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East London-born Jay Prince is an unsigned hip hop artist and producer. The 21-year-old’s style has been described as a “chilled and mellow nostalgic vibe”, which is largely influenced by early hip hop combined with today’s modern sound.
Balancing his university life with his music career, Prince self-released a number of albums and mixtapes including ‘Lounge in Paris’, ‘Tokyo Dreams’, ‘Her High’ and the ‘Voyage’ EP, all of which were fairly successful. However, it wasn’t until the release of his mixtape ‘Mellow Vation’ that the hip hop artist began to get recognised, as ‘Summer Breeze’ (ft. Emmavie) (one of the tracks from the mixtape) gained support from the likes of Annie Mac and DJ Semtex on BBC Radio 1 & 1Xtra respectively.
Prince returned in August 2014 with a brand new single entitled ‘Polaroids’. Since its release, the track has accumulated over 400,000 plays on SoundCloud and has been greeted to positive reviews from critics and listeners alike. The same can also be said for the Chloe Martini remix. The single was the start of a new direction for the hip hop artist, who told The 405 that it wouldn’t have made it on to ‘Mellow Vation’, adding: “I’ve got more of a complete sound now.”
This was closely followed by the IAMNOBODI produced track ‘Feel It’, which has a summer vibe that is largely reminiscent of Kendrick Lamar’s ‘Section 80’. Both ‘Polaroids’ and ‘Feel It’ are set to feature on his new EP ‘BeFor Our Time’, which is set for a release early next year. In between the release of his singles, Prince produced ‘The Garden Party’ for Kojey Radical – another London-born hip hop artist.
Based on the success of his recent projects, Jay Prince is certainly a name to keep an eye out for in 2015. He’s pencilled in for an appearance at SXSW 2015 in March.
Soaring choruses and humongous riffs. The kind that have you grappling with your air guitar in the kitchen as your spuds boil over in the saucepan. There’s a lot of good British rock around at the moment, but Mallory Knox are part of a select few who demand you take notice of them. They’re up there with We Are the Ocean, Royal Blood, Marmozets and Deaf Havana: the kind of bands who will live past the hype which brought them into the public’s perception.
Firstly, it helps that the likes of BBC presenters Zane Lowe and Huw Stephens have already got on board with these boys and plastered them across Radio 1’s output. It also helps that they aren’t afraid of touring wherever they can: testament to this is a year and a half ago, when the band were climbing to the heights they’ve managed to stay at, when they played Guernsey’s Chaos Festival. They absolutely tore the roof off the tent, to the 500-ish people they played to.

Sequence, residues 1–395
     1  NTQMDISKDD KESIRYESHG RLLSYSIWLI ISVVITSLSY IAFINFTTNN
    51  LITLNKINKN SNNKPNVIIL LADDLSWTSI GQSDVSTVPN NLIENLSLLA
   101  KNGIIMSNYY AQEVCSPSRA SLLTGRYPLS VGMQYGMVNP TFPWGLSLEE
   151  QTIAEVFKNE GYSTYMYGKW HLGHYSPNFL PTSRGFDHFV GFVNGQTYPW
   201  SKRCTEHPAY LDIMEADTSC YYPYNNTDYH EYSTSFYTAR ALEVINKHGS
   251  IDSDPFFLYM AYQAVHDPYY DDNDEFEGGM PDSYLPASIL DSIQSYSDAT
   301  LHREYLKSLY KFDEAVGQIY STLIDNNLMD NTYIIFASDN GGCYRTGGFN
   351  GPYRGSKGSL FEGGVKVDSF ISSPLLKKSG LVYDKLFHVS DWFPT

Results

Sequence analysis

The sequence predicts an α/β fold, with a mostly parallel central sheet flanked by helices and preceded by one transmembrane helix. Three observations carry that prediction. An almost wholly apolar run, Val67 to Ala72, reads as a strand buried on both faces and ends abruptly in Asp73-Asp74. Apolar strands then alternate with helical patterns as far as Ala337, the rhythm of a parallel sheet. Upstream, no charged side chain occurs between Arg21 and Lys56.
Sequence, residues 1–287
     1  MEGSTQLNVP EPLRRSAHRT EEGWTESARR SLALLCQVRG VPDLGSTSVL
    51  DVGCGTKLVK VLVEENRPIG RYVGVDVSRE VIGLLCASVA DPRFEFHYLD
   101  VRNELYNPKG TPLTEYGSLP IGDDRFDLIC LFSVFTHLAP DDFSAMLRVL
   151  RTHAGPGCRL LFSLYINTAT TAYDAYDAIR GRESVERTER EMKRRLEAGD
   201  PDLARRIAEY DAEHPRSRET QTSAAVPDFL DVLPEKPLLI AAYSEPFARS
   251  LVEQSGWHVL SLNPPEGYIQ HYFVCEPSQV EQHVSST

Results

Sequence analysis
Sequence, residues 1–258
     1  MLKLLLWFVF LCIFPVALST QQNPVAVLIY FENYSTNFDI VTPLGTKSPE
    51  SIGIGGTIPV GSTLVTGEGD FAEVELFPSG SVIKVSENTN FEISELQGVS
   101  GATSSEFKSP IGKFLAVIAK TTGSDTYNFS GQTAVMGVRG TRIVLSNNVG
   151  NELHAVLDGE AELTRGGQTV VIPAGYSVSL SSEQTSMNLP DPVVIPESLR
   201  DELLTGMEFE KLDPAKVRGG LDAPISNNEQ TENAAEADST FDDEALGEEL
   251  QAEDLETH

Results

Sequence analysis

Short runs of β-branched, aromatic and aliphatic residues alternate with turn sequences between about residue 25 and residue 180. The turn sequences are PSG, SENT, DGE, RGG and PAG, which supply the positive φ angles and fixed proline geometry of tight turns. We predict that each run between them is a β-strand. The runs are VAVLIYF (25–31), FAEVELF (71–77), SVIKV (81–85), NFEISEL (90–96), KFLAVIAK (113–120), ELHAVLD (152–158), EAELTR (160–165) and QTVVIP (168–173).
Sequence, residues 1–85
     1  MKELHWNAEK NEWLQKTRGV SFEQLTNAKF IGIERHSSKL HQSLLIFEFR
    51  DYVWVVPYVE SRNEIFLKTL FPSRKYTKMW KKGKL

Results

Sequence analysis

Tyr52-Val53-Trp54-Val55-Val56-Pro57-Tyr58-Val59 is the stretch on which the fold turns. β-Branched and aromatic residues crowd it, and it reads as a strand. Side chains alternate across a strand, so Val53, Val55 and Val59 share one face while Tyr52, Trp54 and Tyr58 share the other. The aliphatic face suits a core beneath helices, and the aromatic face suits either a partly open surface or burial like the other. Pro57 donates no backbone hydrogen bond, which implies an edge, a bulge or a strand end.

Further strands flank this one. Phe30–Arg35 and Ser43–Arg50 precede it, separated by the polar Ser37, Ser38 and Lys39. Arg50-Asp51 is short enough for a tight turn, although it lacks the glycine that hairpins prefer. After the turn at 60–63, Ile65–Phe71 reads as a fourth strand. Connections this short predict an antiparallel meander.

It’s further evidence that SXSW could be a huge juncture for them, where they can begin flogging their wares to the extremely lucrative U.S. market. Mumford and Sons and One Direction have managed – why can’t balls-out British rock do the same?
Songs like ‘Shout at the Moon’, ‘Ghost in the Mirror’ and ‘Lighthouse’ are all the kind of anthemic tunes which will lodge their place in crowds brains and have them umm-ing and arr-ing on the way home about whether to get straight onto iTunes and download their tracks. It’s hand on heart kind of stuff, which has already given them a fantastic name for themselves in the UK.
This Cambridge five-piece are going to stand out. Of that there is no doubt. Even if in the beginning it’ll be for being one of the only bands at the festival who won’t be arriving at the festival with synthesisers, a half-finished haircut and a whiny voice.
No gimmicks, no nonsense. Mallory Knox will have SXSW punters shouting at the moon in March 2015.
By Mary Chang
on Wednesday, 17th December 2014 at 12:00 pm
The stage name Rival Consoles suggests either a love for gaming or a love of electronic wizardry. I’ll have to ask London producer Ryan L. West in person in Austin where this name comes from, but in the meantime, I’ll focus on the minimalist yet amazing soundscapes he creates.
One of West’s masterpieces, an EP entitled ‘Vemeer’ under his previous moniker Aparatec, was London indie label Erased Tapes’ first release. West has stuck with the avant-garde company, having released his latest six-track EP under the Rival Consoles name, ‘Sonne’, this past September. While “Sonne” is the German word for sun, the opening title track begins with a feeling of cold, not warmth, for the first third: there is an iciness to the bouncy notes with a slight echo. At about the 1 minute, 30-second mark, the tune turns warmer, more optimistic. I can’t help but feel like this is West’s way of electronically demonstrating a sunrise. Track three, ‘Helios’ (aka the God of the Sun to the ancient Greeks), seems to be the happy, peppy big brother of ‘Sonne’, doing a hop, skip and jump across a sun-dappled sequencer (listen to the track below). ‘Haunt’ is driving in the electronic way: never staying in one place, yet with handclaps placed in all the right places to keep things ever interesting.
West’s ‘Sonne’ is the latest in a string of Erased Tapes releases that confirms his is a still very much unique perspective on the often popularly overlooked art of electronica. The title track to Rival Consoles’ 2013’s EP ‘Odyssey’ (blimey, he must really be in love with them Greeks of yore), has already amassed an impressive over 50,000 plays on Soundcloud. Clearly, he must be doing something right.
West is currently hard at work at the Rival Consoles’ debut album, which I hope will be out in late 2015. Ahead of that, he’ll be making the rounds at SXSW 2015 in Austin in March, likely soothing the savage beasts that all too often lurk after too much drink has been consumed by the wee hours of the morning…
California singer/songwriter Jameson Burt, known on stage simply as Jameson, is currently in the midst of a UK tour supporting fellow American West Coast band Rival Sons. His new EP ‘Carnivore’ features five tracks of emotionally evocative, banjo-laced Americana rock. Often the bright, twangy sound of a banjo indicates a light-hearted thematic approach, but Jameson uses the instrument to add interest and color to the dramatic, minor-key sound of his songs. Listening to the virtuosity of his banjo melodies, it’s hard to believe that he is self-taught, having only picked up the instrument about two years ago while working at a roadside fruit stand.